Typical Session at Rajendranagar


Come Sunday, I’m up and rushing out the door to catch the early morning bayaan at the government Urdu school at Rajendranagar. As usual I’m late and have to bear a couple of angry stares from my fellow volunteers. I shuffle into my seat and focus on the short sermon being delivered by the local Maulana. The sermons’ themes revolve around the various issues faced by the community, motivating them to keep their morale high and attend the next religious event on the calendar.

Following the bayaan, comes my personal favourite bit of the session: repeating the twelve affirmations. Like much of our microfinance system, this has been taken from the Grameen model. One of the borrowers steps forward from the crowd and reads out these 12 affirmations.

A complete list of affirmations is available here.

Then the activities begin. We’re divide ourselves into 3 groups. One is the collection group, the other the interview group and the last is the disbursal group.


Here is where the bulk of the activity takes place. Borrowers pay off their loans over a 20 week period. Their loan cards are updated with the latest payments as well as our records. If there are any closures of loans, part of the savings that they have been depositing with us are returned.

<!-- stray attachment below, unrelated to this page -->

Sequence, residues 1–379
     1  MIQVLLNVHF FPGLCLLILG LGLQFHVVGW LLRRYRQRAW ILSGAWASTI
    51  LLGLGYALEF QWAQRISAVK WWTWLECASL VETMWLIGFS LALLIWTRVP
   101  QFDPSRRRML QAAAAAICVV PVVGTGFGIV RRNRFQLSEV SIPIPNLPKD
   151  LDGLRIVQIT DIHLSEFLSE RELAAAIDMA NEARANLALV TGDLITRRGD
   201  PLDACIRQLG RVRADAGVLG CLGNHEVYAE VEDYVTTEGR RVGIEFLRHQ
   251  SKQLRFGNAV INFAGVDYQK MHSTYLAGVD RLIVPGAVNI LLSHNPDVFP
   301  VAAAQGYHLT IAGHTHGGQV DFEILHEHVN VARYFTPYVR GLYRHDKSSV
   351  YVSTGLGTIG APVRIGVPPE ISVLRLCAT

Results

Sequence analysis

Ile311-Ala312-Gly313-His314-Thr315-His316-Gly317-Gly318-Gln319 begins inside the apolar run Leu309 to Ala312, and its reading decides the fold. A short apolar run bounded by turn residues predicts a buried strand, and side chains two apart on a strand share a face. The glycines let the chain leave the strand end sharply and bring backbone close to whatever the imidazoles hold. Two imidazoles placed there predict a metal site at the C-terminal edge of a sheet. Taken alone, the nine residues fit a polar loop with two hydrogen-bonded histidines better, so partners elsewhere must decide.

As per a pre-deteremined schedule, there are a certain number of interviews lined up every week. Each potential borrower presents her business plan on what she plans to do with the loan offered to her and how she plans to return the funds loaned to her. Some typical businesses in my branch are selling clothes purchased in wholesale, stitching, and making or scenting agarbattis (incense sticks).

The interviewer asks various questions to assess the repayment capacity of the borrower:

1 What are you doing for your business?
2. Since when are you doing it?
3. What is your investment?
4. What are the items you buy? And at what rate and quantity?
5. What is the frequency of buying?

Once the interviewer is confident that the borrower is capable of performing the business she is describing, her loan is approved and set for disbursal in the subsequent week.


The disbursal group reviews the loan application forms approved the previous week and if all five of the group are present, issues the cheque for the borrower. The borrower then purchases whatever assets she needs to start her business. She begins to pay back her loan the subsequent week.

After an hour or two the session ends and the day’s records are closed. The cash is collected and records are reviewed.

We very often have students, other NGO workers and business men come observe this process in person. Feel free anytime to get in touch with us to visit a typical Lifeline microcredit session.